Wednesday, December 27, 2006

Catholic priests enjoy Christmas with their kids

And more about some Byzantine rite priests and their kids in Italia...interesting because these are married priests who have allegiance to Rome. Honestly, there are so many variations in this movement, it's hard for a humble laywoman to keep it all straight! ;-)

By Malcolm Moore,
Sunday Telegraph

This Christmas, high in the mountains of Calabria in southern Italy, a handful of Catholic priests will be able to celebrate Mass and then sit down to dinner with their families.

The 15 married priests who live in Lungro make up one of only two dioceses in Italy whose priests are able to get married with the blessing of the Vatican.

It was in the 15th century that the Pope permitted a group of Albanian refugees to keep their Orthodox traditions in return for allegiance to Rome, exempting them from the rule of celibacy. In the run-up to Christmas, The Sunday Telegraph was granted special access to observe Mass in Lungro's Byzantine Cathedral, together with the priests and their children – a combination that would be unthinkable across most of the Catholic Church.

Their effectiveness is under scrutiny because of a fierce debate in Catholic circles over whether all priests should be allowed to have families of their own.

During the service, the priests' wives and children sat with the choir, watching them chant the rites in Greek. The children strained their necks to glimpse their fathers as the priests approached the altar, which was hidden from public view in the Eastern way.

Afterwards, the families streamed out to meet them in a cathedral aisle. Father Marius Barbat watched as his six-year-old son, Adrian, playfully blocked the path of the priest carrying the chalice from the altar.

"It should be normal for priests to be married," said Fr Barbat, who arrived from Romania two years ago. "In my country, there are lots of married priests and they are accepted by the community."

Father Pietro Lanza, the head of a new seminary nearby which aims to train more married men to be clergy, said his Albanian ancestors had fled to Lungro to escape a Turkish invasion in the 1400s.

Now, with Pope Benedict keen to refresh ties with the Orthodox Church, Lungro, with its 3,000 inhabitants, has become an important symbol of unity between Rome and Constantinople.

At the Pope's direction, senior cardinals are considering the issue of celibacy, given the dramatic fall in the number of people who are training to be priests: just 5,000 in Italy, compared with more than 30,000 during an average year in the 1960s.

Insiders say that the main obstacle to change is now economic – including concern over the potential cost of priests' widows' pensions.

However, in Lungro only one thing is on the agenda this weekend. The priests are preparing to celebrate the birth of the infant Christ, with their own children firmly in tow.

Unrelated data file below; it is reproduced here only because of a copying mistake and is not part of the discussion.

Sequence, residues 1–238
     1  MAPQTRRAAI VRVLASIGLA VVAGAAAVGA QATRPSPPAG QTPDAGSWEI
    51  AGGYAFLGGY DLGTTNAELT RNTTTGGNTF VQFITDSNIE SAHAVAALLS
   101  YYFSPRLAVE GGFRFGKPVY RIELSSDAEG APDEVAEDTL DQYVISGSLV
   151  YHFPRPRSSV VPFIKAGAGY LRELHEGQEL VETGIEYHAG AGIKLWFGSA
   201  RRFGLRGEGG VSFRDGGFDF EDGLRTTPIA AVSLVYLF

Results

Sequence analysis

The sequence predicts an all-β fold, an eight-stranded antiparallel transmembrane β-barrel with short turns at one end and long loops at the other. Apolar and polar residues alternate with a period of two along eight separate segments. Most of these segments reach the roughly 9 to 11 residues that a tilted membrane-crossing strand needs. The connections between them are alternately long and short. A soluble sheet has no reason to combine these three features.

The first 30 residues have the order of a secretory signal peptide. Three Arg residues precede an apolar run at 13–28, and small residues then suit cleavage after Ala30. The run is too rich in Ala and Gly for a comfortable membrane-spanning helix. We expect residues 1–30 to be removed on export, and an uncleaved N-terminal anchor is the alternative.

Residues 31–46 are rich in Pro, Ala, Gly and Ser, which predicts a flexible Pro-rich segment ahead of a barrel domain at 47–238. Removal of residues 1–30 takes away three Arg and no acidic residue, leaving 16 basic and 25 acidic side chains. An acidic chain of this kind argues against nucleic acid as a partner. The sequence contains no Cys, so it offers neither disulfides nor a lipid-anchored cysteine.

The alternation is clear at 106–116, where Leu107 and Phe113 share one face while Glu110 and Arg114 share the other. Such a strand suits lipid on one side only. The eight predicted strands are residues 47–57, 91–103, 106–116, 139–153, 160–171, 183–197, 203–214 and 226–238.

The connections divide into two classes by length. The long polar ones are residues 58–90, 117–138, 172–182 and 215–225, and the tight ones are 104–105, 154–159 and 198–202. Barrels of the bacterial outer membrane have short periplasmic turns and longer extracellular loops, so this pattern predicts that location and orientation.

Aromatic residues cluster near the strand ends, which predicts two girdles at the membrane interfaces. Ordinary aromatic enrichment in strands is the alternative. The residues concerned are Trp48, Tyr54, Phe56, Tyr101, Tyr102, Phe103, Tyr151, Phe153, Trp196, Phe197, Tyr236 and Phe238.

1 comment:

Anonymous said...

Politically, celibacy is idealized by the Vatican to provide a thin veil of concealment for its actual lived homosexual reality.

Cults control the sexuality of their members' lives as a requirement for membership and salvation. In the RCC, the "celibate" leadership sets itself up as the superior sexless elite. They believe they have earned true authority and the right to receive a form of worship from the laity. This understanding is core to the episcopal/sacerdotal cult of personality we are invited to take part in reverentially.

Given the anger and shame most gay men feel because of society's rejection, the priesthood is an exciting but vulnerable gay heaven on earth. They are the winners in the battle of the sexual orientation war.

Just as the denial of ordination to women casts a shadow of doubt on all women, the sexless ideal of the hierarchy and priesthood makes all church members doubt the perfect goodness and purity of their sexuality and their personal ability to use it with self-assuredness and spiritual accomplishment. This is a deep and powerful control mechanism that Catholics have been taught from birth.

The gay hierarchy/priesthood wants to avoid women priests and married priests at all costs because of the threat and exposure they would bring to this tenuous heavenly mix the have created. Celibacy maintains the wall of protection - along with last year's contrived pronouncement that bars sexually active gays from the priesthood.

Incidences of pedophilia and ephebophilia continue to emerge on a daily basis. The media has been focusing on church finances for the past year with 85% of RC churches reporting some form of embezellment. In the future, we'll be reading more about the compartmentalized sexual lives of the majority of priests.

Will the codependent current generation laity make room for that too and keep on giving gay Father their money? Probably - but most of their children won't.